Shelly Glover’s paid campaign staff are returning part of their salaries in order to help ensure that she gets under her election spending cap. Complicating this are the fact that the party’s lawyer previously asserted that they were doing door-knocking for a much lower rate, even though there was never any indication in the filings that either were door-knocking.
The former RCMP national director says that a likely focus of the investigation into the ClusterDuff affair will be the source of Nigel Wright’s $90,000 cheque, and if it did come from party funds, it could add to the Breach of Trust charges. Meanwhile, the RCMP have spoken with Senator Patrick Brazeau’s staff as part of their inquiry into his expenses.
Aaron Wherry takes a gander at some of the politics of the Senate holding up the union transparency and sports betting bills.
The Prime Minister’s national security advisor saw fit to skip a secret meeting arranged for the various top government officials including the heads of CSIS and National Defence, to discuss worst-case global warming scenarios. Interestingly, the possibility of geo-engineering was also discussed at this meeting.
William and Kate have sent their best wishes to Alberta and the victims of the flooding there. The royal couple were there two years ago for Stampede, and visited the ruins of the wildfires in Slave Lake at the time. Speaking of Calgary, here’s a look at the kind of government assistance that is being arranged for victims of the flooding.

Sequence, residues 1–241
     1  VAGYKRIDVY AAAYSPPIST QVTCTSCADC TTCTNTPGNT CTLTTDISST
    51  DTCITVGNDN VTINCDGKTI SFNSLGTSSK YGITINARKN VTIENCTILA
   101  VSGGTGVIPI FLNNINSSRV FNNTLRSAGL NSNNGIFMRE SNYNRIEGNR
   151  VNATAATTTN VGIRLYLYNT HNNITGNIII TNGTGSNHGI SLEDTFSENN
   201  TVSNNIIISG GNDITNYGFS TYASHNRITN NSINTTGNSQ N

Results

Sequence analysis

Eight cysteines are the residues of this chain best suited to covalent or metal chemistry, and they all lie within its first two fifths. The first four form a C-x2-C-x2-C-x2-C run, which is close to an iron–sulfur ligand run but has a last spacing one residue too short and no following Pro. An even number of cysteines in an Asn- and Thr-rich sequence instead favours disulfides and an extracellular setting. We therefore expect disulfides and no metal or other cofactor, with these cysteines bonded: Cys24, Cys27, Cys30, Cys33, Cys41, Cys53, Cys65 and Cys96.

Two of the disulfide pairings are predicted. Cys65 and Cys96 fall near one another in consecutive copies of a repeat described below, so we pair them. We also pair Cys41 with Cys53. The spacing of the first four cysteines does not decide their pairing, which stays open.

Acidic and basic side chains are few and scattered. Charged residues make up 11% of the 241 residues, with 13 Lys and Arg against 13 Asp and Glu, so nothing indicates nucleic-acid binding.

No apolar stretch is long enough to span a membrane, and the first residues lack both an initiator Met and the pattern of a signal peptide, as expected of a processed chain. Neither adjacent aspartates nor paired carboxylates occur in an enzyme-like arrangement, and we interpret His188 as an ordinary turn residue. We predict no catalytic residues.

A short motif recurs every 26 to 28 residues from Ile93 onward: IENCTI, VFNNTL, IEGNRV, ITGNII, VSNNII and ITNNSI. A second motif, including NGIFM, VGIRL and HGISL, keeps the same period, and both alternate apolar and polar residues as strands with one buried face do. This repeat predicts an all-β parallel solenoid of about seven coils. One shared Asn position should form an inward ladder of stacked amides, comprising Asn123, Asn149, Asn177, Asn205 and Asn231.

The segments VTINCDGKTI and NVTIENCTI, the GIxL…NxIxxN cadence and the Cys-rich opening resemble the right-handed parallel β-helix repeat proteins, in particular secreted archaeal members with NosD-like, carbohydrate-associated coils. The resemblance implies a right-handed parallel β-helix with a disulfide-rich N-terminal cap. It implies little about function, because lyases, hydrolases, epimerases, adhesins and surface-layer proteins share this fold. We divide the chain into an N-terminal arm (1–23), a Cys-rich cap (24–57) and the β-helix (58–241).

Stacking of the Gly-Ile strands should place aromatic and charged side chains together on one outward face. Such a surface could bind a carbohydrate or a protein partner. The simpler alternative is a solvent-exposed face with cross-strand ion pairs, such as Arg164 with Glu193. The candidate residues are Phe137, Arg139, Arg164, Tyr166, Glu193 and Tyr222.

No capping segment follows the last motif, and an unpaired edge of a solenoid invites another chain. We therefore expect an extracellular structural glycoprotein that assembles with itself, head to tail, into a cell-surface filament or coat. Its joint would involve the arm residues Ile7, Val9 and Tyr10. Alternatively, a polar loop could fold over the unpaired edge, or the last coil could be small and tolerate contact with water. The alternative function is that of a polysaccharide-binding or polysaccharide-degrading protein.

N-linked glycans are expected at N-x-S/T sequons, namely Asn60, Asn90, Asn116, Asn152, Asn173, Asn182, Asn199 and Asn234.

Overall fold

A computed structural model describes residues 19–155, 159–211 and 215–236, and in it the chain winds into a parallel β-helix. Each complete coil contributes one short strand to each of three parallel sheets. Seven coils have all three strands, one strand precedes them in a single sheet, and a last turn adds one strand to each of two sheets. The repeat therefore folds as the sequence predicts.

Maxime Bernier was caught driving with a suspended licence – though he didn’t know his licence had been suspended because of an unpaid traffic fine.
The seven Conservative MPs at the centre of that federal court case around their election results and voter fraud are now demanding some $355,000 from those who launched the suit in order to cover their own costs. The Council of Canadians, who bankrolled the case, calls it an affront considering that cases of voter fraud were proven, and the level of obstruction that the party engaged in during the course of the case.
Manitoba’s Attorney General wants the government to know that their lack of opposition to the (dubiously constitutional and wholly ineffective) Royal Succession bill is in no way a precedent for future constitutional changes.
Michael Petrou savages the current negotiations with the Taliban in Afghanistan, which represents a slow-moving betrayal of everything Canada and the US have tried to accomplish there for the past decade.
And Tim Harper looks at the five best performers on the Conservative front bench and wonders about their fate in the coming cabinet shuffle.